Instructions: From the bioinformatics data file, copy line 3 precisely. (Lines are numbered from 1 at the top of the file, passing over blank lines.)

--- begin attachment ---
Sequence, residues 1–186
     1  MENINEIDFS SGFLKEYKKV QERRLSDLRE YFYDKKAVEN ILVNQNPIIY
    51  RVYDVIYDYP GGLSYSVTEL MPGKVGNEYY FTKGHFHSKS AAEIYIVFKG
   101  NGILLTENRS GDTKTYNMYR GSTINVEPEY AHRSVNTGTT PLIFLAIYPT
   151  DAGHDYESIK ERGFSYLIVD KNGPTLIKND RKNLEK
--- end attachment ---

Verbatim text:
    51  RVYDVIYDYP GGLSYSVTEL MPGKVGNEYY FTKGHFHSKS AAEIYIVFKG